From Kindergarten through 5th grade, I loved school. Even in my first year of middle school I was a straight “A” student; always doing my homework, showing up on time, and retaining every piece of information I could possibly hold. Toward the end of that year I noticed that I had stopped trying as hard; not seeing its importance. I didn’t feel the need to try. When my 7th grade year came, my interest in school had totally diminished. What bothered me, though, was that I didn’t seem to care, and I couldn’t make myself care. Notice I said my interest in SCHOOL, not education. From middle school until now, my disinterest, dislike, and frustration with school only grew stronger. I had been considering quitting for a long time. This wasn’t because I’m lazy or that I don’t want to put in the effort, but because I couldn’t find its relevance or purpose for me. I know all the things school is SUPPOSED to do; form a skilled workforce, create a literate and educated group of citizens, teach social skills and self-discipline, but I strongly feel as though what school really does, more than all else, is deplete our interest in learning. I use school, not necessarily as the building itself, but as the education system its run by.

We’re all born with an innate thirst for knowledge. That’s clearly seen in our toddler and Pre-K years. All throughout our history, we’re constantly trying to create and invent and discover things never before seen or heard of, or thought about. Thomas Edison, one of the greatest thinkers and inventors in history, never finished his schooling. In fact, he was thought to be incredibly stupid. Even if he had completed his education, it would’ve been nothing like what’s being enforced in schools now. Learning, becoming educated, does not mean having facts and terms crammed into our heads or being piled up with worksheets, tests and homework. Rather, it means learning by experience, having the opportunity to discover and figure things out on your own. One definition of education is actually “an enlightening experience.” In schools today, teachers are required to teach so much material in such a short period of time, it’s not really learning anymore. It becomes memorization, usually for an upcoming quiz or test, only to pass it, move on and forget all of it until It’s brought back up again in a later lesson, year etc.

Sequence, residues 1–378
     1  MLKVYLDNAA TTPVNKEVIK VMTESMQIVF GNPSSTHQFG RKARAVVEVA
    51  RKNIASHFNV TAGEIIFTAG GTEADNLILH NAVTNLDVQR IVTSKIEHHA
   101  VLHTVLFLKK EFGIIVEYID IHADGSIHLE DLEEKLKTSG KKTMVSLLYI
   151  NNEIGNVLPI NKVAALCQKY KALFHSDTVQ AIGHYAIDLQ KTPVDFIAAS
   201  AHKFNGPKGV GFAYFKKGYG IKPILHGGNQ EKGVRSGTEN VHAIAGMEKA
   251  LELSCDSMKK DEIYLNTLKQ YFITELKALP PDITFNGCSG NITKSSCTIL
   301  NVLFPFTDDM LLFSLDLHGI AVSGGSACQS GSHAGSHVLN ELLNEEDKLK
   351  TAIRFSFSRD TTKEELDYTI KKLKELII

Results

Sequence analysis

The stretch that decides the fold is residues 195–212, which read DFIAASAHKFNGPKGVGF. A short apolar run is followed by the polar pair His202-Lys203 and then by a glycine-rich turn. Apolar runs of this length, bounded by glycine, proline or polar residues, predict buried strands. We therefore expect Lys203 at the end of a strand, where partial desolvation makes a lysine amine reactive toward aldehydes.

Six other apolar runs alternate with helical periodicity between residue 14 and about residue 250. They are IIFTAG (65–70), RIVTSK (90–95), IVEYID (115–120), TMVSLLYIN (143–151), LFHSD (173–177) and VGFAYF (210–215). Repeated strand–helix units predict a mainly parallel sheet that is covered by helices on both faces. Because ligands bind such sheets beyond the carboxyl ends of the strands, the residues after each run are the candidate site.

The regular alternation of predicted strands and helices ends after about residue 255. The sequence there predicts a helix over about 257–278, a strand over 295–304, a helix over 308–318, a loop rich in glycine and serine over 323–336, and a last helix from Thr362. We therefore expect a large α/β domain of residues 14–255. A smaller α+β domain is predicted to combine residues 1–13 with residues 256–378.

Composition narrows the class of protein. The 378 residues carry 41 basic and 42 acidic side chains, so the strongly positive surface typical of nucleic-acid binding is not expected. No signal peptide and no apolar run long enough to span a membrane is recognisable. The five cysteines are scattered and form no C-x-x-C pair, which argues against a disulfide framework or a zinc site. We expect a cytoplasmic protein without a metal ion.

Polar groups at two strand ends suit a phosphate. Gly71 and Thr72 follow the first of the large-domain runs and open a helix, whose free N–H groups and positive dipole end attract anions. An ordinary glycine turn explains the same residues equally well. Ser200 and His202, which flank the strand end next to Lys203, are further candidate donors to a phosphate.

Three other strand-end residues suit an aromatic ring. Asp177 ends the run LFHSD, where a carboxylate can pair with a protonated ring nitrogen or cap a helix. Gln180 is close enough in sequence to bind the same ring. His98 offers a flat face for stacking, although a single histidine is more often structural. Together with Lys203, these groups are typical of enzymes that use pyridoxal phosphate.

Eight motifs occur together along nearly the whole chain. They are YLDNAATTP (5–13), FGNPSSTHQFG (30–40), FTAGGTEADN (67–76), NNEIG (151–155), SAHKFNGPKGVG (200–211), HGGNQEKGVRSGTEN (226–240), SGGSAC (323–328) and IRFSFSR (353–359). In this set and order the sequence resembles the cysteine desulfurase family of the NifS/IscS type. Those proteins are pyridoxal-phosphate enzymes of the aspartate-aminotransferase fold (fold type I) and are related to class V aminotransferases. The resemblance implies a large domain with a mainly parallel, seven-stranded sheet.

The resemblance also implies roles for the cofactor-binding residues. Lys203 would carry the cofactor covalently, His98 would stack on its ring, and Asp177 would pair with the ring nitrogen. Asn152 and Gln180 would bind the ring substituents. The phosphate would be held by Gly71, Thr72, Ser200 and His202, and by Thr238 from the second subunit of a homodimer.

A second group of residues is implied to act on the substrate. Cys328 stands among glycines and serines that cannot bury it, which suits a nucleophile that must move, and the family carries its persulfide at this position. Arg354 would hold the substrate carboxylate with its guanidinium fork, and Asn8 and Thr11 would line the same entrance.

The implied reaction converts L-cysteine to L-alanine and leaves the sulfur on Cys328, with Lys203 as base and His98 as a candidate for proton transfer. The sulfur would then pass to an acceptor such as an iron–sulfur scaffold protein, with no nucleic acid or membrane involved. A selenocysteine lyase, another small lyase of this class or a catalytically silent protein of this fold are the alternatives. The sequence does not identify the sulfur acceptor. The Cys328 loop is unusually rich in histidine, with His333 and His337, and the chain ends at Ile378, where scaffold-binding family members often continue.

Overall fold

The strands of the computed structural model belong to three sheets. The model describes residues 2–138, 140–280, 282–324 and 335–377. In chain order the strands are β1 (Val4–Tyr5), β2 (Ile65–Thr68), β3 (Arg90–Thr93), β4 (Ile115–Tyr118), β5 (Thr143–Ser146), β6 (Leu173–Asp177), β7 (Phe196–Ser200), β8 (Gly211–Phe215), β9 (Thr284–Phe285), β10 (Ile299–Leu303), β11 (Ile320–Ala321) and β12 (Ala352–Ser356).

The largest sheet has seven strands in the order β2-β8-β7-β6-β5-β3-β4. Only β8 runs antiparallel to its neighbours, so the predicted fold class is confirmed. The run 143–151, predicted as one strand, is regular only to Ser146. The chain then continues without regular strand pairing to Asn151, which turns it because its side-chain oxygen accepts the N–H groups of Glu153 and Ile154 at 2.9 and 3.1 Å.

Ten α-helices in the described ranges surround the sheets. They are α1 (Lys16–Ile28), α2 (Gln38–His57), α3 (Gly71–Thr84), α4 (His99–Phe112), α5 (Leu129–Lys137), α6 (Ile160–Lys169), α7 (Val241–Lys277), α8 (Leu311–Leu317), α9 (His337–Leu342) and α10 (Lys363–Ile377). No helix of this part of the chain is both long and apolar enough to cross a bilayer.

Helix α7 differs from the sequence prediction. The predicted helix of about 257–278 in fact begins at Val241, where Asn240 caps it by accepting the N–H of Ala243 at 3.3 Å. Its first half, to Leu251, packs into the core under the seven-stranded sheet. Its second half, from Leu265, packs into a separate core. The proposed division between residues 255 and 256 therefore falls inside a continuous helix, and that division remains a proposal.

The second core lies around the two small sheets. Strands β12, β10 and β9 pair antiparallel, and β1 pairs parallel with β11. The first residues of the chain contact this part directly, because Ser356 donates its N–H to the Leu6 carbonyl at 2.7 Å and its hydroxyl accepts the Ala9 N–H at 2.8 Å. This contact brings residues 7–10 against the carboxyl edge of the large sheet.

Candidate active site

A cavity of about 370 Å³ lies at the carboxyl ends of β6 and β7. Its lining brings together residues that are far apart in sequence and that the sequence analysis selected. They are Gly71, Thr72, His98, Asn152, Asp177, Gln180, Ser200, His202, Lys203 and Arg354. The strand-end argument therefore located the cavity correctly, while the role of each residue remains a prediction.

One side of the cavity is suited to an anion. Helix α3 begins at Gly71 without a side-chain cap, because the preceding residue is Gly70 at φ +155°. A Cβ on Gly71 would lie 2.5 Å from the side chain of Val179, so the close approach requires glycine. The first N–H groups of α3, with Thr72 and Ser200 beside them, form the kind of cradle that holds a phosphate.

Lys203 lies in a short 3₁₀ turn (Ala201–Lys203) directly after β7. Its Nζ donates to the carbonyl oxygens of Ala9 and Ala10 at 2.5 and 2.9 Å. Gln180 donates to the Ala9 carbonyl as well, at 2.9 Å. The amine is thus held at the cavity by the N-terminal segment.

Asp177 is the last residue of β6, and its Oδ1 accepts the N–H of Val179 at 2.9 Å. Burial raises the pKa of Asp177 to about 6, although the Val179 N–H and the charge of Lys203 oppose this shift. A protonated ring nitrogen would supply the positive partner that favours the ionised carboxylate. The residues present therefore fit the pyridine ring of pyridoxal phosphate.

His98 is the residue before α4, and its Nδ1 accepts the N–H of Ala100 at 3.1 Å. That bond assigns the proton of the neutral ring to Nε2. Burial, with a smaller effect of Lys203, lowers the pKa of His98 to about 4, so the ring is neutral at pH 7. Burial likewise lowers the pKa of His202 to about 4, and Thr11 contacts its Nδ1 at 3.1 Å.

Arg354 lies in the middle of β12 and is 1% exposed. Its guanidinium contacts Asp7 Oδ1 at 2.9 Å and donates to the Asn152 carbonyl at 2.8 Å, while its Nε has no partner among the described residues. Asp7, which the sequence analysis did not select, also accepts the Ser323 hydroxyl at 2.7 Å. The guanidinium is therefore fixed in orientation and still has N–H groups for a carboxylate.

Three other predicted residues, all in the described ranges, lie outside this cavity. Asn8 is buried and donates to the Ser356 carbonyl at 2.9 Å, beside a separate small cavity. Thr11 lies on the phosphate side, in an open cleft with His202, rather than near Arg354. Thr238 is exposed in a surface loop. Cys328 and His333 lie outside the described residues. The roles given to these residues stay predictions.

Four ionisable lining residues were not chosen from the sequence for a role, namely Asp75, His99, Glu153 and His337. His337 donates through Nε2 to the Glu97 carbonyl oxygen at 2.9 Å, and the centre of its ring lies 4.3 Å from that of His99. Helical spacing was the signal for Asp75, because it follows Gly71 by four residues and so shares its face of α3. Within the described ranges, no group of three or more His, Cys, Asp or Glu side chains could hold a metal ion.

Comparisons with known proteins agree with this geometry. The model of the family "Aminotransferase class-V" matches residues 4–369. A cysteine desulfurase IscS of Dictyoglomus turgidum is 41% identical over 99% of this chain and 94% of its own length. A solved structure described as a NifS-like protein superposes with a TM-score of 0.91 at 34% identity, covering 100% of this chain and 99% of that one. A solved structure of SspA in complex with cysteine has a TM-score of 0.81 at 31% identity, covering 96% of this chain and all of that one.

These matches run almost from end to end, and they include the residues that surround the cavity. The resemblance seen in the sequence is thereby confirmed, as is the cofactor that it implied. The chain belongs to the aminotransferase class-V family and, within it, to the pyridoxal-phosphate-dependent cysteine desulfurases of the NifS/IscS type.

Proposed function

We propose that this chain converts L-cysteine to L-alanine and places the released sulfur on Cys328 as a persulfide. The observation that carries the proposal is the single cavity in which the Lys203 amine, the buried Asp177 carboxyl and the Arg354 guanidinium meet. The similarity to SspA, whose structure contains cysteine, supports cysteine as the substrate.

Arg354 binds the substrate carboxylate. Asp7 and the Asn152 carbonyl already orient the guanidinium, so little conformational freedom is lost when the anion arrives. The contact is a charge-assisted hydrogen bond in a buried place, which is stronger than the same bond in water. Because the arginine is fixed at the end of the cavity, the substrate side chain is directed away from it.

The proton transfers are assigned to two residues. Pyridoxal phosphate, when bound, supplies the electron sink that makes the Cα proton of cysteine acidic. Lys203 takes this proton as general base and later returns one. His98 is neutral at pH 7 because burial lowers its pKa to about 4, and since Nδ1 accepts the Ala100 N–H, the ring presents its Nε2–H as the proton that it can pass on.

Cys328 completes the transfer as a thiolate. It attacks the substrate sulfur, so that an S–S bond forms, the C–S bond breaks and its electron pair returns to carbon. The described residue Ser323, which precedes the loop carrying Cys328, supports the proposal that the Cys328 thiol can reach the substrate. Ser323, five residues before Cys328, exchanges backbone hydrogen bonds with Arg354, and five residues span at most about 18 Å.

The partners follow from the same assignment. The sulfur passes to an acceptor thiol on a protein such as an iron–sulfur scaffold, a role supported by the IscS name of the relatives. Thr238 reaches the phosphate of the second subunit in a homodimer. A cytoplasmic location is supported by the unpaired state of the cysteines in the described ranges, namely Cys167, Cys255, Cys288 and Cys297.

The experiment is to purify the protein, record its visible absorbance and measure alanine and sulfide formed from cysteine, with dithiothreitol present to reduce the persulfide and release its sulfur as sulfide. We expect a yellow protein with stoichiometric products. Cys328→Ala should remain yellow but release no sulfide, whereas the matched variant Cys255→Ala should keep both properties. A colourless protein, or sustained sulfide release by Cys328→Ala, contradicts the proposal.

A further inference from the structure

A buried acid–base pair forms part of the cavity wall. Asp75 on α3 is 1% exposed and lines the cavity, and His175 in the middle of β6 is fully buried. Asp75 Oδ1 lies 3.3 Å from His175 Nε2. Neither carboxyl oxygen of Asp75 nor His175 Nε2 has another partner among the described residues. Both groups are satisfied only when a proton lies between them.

Another issue is that a main concern for most teachers is covering the necessary material to pass a test at the end of the year. The problem with this is that more than half of the time, they don’t even know what material to cover for it, as they are not permitted to see these tests. Continuing on the subjects of tests, a huge problem in schools is standardized testing. Contrary to its name, they aren’t really standardized, considering that every year they raise the standards. You can’t continue to test a class of students at higher levels than the class of the previous year and expect better results.

Sir Ken Robinson, an English man who works in education reform made the point that schools are structured like factory lines. He says that students are grouped in “batches,” so-to-speak, according to the year they were born, as if that has any relevance to how intelligent you are and in what fields of study. In an article online, one man said that school separates students into two groups: t hose who conform, and those who fail. He then elaborates on this saying that the conformers are those who memorize every fact, finish every homework assignment, and ace every test, staying up all night studying, and never question any of it. The failures are those who challenge the system and question its relevance, often having very bright minds accompanied by “Ds” and “Fs” on report cards. This issue makes for many intelligent people going unnoticed and never reaching their full potential. Like I said before, these are all problems I have with the education SYSTEM, not education itself.

I love to learn, as do most high school students. The problem is that many of them don’t realize this because of the way we have to “learn” in school. I know this isn’t the teachers’ fault, and that they would probably like to see lots of changes themselves. I just feel that our education system needs an enormous reform and that’s why I choose to continue mine online and on my own time. If, in the years ahead, I realize I made the wrong decision, I’ll take every “I told you so” that gets thrown at me. Until then, I’ve thought long and had about this, I’ve done my research, and I feel very confident in the choice I’m making.

Ariel Davis